14. On the facts found by the Tribunal, we are unable to agree with the view expressed by the Tribunal that the loss incurred by the assessee is incidental to its business. Admittedly, the loss in question did not spring from the very business of the assessee, nor it has any direct or proximate connection or nexus to its business in Government securities. The submission of Mr. Anjaneyulu that this money was required for money-lending and commission business of the assessee cannot be acceded to, in view of the admitted fact that the amount was intended for the purchase of Government securities. Though it was contended that the assesste had money-lending business also, it was not disclosed from the accounts that it had any earnings from such money-lending business also. In our opinion, the money was stolen, though in the business premises of the assessee during hours of business, only before the actual investment in Government securities. It was admittedly not stolen after the commencement of the business activity or in the course of the business of the assessee. The amount at the point of time of theft did not form part of the assessee's business asset. Either the borrowal by a partner of the assessee from third parties or the handing over of such borrowed amount to the assessee's cashier would not amount to a business dealing of the assessee and, hence, any loss sustained at that stage cannot be termed to be a loss incidental to its business.
15. This view of ours finds support in the decision of this court in Commissioner of Income-tax v. Chakka Narayana,  43 I.T.R. 249 (A.P.) and Maduri Rajeshwar v. Commissioner of Income-tax,  51 I.T.R. 213 (A.P.). In Chakka Narayana's case, the assessee, who was a dealer in cloth and Government securities having his place of business at Proddatur in Cuddapah district, encashed Government securities for Rs. 20,790 but lost the cash by theft at the Central Station, Madras. The loss sustained by the assessee was found to have no direct or proximate connection with the business of the assessee and hence was held to be not incidental to his business. The claim of the assessee was therefore disallowed. The loss of Rs. 4,004 during business hours incurred by the assessee who derived income from other sources, on account of theft committed from the cash box by a stranger who came to the assessee's shop, was held in Maduri Rajeshwar's case, to have not arisen out of the conduct of, the business and incidental to the trade, and hence, the claim of the assessee was disallowed. We are not impressed with the contention of Mr. Anjaneyulu that the aforesaid two decisions are no longer good law in view of the decision of the Supreme Court in Nainital Bank's case and in any event they are distinguishable. The decision of the Supreme Court in Nainital Bank's case relates to a banking company for whose business large amounts had to be kept in various safes in the premises of a branch situated at Ramnagar where dacoity of Rs. 1,06,000 cash had taken place at about 7 p.m. on June 11, 1951. The learned judge, SubbaRao J. (as he then was), who spoke for the court, observed thus :
' It is an integral part of the process of banking that sufficient moneys should be kept in the bank duly guarded to meet the demands of the constituents. The retention of the money in the bank is a part of the operation of banking. The retention of money in the bank premises carries with it the ordinary risk of its being subject of embezzlement, theft, dacoity or destruction by fire and such other things. Such risk of loss is incidental to the carrying on of the operations of the business of banking. In this view, we are clearly of the opinion that the loss incurred by dacoity in the present case is incidental to the carrying on of the business of banking. '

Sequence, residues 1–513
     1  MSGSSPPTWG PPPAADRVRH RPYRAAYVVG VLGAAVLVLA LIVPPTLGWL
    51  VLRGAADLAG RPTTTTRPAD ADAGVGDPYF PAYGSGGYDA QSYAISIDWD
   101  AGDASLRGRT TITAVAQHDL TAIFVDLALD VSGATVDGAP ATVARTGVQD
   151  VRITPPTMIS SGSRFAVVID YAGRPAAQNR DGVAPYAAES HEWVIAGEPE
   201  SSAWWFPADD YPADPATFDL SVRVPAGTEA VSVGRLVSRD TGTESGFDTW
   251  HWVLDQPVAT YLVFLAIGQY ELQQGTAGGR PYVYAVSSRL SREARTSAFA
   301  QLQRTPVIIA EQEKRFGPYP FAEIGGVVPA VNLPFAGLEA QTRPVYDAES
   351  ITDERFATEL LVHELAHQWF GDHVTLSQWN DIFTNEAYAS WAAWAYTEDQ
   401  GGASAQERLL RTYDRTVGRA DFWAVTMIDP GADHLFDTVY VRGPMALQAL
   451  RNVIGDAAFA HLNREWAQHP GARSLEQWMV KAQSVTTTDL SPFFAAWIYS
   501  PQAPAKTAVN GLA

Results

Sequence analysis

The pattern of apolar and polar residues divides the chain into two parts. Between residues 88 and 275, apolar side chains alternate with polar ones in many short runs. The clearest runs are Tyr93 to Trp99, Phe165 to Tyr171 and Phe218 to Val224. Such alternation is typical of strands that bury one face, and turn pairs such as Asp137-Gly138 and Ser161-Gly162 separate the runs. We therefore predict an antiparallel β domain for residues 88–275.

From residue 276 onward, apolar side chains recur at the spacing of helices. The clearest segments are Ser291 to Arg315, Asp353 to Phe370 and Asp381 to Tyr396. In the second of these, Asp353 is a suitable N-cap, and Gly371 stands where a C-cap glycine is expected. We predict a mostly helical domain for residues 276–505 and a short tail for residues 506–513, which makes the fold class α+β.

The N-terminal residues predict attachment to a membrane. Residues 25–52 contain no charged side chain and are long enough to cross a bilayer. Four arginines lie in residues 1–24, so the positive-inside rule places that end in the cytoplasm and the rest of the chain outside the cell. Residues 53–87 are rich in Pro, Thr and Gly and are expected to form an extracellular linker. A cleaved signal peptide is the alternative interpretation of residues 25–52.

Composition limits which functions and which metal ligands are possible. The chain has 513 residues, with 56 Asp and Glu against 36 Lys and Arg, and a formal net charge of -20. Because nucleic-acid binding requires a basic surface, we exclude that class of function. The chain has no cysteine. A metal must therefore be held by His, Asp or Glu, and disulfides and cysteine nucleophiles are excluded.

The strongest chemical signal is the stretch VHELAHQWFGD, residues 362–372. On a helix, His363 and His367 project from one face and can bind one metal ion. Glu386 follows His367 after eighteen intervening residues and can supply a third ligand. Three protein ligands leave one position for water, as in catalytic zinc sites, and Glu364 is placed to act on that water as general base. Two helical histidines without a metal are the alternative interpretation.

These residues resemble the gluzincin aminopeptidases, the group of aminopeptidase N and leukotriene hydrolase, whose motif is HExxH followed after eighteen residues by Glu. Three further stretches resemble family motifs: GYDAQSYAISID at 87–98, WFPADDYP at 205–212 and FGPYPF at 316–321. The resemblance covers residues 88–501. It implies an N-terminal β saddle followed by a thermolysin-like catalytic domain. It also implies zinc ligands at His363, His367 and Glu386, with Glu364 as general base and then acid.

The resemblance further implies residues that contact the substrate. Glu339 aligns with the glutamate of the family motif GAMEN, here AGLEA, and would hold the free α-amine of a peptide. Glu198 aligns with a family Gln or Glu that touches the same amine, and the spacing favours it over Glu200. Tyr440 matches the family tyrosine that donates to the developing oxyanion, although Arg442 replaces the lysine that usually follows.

16. As pointed out above, the facts of that case are distinguishable from those of the present case. The retention of money by the assessee in the present case in its business premises kept for the purchase of Government securities can, by no stretch of reasoning, be said to carry with it the ordinary risk of its being subject of embezzlement, theft or dacoity which amounts to risk of loss incidental to the carrying on of the operations of its Government securities business. The observations of the learned judge that the Special Bench of the Madras High Court in Ramaswami Chettiar v. Commissioner of Income-tax, has taken a narrow view of the problem and the dissentient view expressed by Anantakrishna Ayyar J. contained a constructive criticism of the majority view, pertain to the view expressed by the majority that the loss incurred by theft of money used in money-lending business by persons who were at the time of commission not employed as clerks or servants of the assessee, was not an admissible deduction. If the money was stolen or embezzled by the persons employed in the business, it is indisputably a permissible deduction as a trading loss. However, the Supreme Court pointed out specifically that every loss is not deductible unless it is incurred in carrying out the operation of the business and is incidental to the operation. Hence, the decisions of this court in Chakka Narayana's case and Maduri Rajeshwar's case, cannot be said to have been overruled by the decision of the Supreme Court in Nainital Bank's case.
17. In each case, it has to be decided whether the loss claimed by the assessee has arisen out of the conduct of, or is incidental to, or has nexus or connection with the operation of, the business of assessee. Where the loss is unconnected with the business carried on by the assessee or has only a remote connection, such loss cannot be held to be an admissible deduction. The nature of the business and the nexus of the risk involved to the nature of the business are material factors that govern the result. We may also turn to the decision of the Patna High Court in Basantlal Sanwar Prasad v. Commissioner of Income-tax,  67 I.T.R. 380, 385 (Pat.) and that of the Allahabad High Court in U. P. Vanaspati Agency v. Commissioner of Income-tax,  68 I.T.R. 120 (All.) and another of the same High Court in Commissioner of Income-tax v. Sarya Sugar Mills (P.) Ltd.,  70 I.T.R. 109 (All.) and that of the Madhya Pradesh High Court in Commissioner of Income-tax v. Ganesh Rice Mill, : 77ITR889(MP) , on which strong reliance has been placed by Mr. Anjaneyulu in support of his plea that in order to claim a loss as a trading loss, the assessee need not invariably be a banker or moneylender.